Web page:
It’s a big week in the middle of February! We started the week off with Valentine’s Day, followed by Mardi Gras, and pitchers and catchers report to spring training. Hopefully, this finds all of you safe and snug with all the difficult weather patterns so many have experienced across the country, but the special days of the past week make me feel like spring is in the air.
EANS continues to be rolled out across the country. As I noted in my last blog, the deadline for Governors to apply to the U.S. Department of Education was extended to February 22. This should give states time to get their systems in order before the “clock” starts ticking for the requirement to obligate funds within 6 months of receiving them. Previous blogs have reviewed what it means to “obligate” funds and how that is not the same as spending those funds.
The U.S. Department of Education updates their list of states that have been approved for EANS. You can find it on the EANS page for www.ed.gov. As I write this, 21 states have been approved. Usually, the state receives its award in a few days after an approved application.
Here is the EANS timeline once again for your reference:
As you’re aware, in order to write a reasonable application for use of funds, it’s important to have at least an estimate of the funds that would be available to your school. Some states are putting out estimates for planning purposes. In an effort to try to project what funding might look like for those who have not been provided with a planning guide, we’ve been analyzing the data on award size and using National Center for Education Statistics estimates on number of private school students by state. While this does not claim to provide each state’s actual per pupil allocation, these calculations do provide a ballpark for initial planning purposes. According to these calculations, the national average for per pupil allocation for EANS is $519. The state per pupil allocations range from $197 per pupil to $1984 per pupil—quite a range! Hopefully, when your state application is made available, there will be an estimation by your state on the estimated per pupil allocation in your state. If not, this may be something you want to ask your ombudsman to provide for planning purposes. If your actual state-specific information is not available, the national estimate of $519 per pupil might be a good starting point. Also, these calculations assume full participation in EANS; these allocations should increase when a proportion of private schools do not participate in EANS but instead apply for PPP.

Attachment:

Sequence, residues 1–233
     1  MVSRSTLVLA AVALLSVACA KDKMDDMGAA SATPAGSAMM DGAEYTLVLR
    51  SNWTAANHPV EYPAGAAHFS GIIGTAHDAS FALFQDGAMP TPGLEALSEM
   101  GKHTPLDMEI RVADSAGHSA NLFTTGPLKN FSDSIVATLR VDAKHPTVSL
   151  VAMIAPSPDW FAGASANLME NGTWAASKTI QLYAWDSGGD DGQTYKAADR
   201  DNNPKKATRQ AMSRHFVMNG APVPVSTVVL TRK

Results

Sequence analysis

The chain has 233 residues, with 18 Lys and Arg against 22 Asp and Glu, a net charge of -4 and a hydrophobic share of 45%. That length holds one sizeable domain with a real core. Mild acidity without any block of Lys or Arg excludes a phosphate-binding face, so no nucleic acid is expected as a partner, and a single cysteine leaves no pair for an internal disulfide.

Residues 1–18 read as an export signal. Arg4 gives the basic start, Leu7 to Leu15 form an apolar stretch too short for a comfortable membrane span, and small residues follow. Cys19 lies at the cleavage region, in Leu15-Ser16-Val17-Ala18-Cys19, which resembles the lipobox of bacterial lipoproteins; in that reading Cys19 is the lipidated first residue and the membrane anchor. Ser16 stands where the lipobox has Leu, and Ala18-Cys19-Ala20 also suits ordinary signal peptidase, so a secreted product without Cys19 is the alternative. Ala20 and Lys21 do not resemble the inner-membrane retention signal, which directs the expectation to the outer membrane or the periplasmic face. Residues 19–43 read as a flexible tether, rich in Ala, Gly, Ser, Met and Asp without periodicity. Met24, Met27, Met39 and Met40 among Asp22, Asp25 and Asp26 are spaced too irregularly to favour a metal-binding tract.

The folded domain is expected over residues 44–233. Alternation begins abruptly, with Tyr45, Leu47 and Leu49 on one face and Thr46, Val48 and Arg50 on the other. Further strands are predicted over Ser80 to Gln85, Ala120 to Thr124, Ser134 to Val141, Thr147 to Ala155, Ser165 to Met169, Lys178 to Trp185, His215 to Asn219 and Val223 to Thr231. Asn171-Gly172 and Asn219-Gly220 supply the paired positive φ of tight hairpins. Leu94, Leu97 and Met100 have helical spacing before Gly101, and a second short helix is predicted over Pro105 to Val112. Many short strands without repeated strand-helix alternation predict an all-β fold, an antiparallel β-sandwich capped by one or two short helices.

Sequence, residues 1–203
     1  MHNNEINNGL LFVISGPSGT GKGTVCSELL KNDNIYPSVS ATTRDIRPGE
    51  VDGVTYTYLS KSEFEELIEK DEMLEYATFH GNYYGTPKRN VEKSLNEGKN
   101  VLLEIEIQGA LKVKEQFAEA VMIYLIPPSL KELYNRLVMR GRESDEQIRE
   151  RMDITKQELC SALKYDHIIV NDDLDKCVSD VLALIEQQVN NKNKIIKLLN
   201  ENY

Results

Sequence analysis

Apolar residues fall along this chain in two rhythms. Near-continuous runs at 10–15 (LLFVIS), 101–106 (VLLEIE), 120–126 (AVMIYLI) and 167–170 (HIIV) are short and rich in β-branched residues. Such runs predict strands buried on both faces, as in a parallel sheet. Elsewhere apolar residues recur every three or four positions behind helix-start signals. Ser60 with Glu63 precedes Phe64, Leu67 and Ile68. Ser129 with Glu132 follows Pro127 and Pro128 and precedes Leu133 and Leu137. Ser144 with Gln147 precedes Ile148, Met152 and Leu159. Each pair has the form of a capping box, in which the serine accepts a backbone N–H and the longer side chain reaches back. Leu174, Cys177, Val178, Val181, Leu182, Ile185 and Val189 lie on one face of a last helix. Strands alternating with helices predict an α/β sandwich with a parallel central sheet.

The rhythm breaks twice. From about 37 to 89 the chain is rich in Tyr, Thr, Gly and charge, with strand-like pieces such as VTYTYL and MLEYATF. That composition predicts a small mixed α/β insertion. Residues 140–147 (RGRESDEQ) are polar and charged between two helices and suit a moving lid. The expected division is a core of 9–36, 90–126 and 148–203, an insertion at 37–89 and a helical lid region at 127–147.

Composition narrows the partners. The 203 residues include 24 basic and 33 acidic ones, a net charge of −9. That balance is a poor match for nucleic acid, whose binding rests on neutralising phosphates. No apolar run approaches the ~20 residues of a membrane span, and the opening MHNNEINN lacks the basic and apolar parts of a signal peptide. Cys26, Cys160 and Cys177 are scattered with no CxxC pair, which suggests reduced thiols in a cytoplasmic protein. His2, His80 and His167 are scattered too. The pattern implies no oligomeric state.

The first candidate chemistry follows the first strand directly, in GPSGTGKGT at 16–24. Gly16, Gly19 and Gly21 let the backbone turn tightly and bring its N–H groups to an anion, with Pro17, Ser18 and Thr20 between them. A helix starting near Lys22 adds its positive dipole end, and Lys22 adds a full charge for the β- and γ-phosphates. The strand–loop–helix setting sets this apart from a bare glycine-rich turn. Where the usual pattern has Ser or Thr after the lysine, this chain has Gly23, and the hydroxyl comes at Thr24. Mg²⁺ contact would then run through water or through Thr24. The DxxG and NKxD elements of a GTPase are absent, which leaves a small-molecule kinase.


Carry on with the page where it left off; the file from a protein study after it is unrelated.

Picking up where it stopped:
Finally, let me urge you once again to complete the information in the U.S. Department of Education’s sample application since it contains the legal requirements that each state must collect. While the EANS application in your state may look somewhat different, the information listed on the sample application will definitely be a part of each state’s application. You can find the application on the EANS page for www.ed.gov.
Stay safe and stay warm!
All the best,
Michelle L. Doyle
EANS page for www.ed.gov can be found at https://oese.ed.gov/offices/education-stabilization-fund/emergency-assistance-non-public-schools/. Check it out for FAQs, updated awards information, sample application, and other useful information.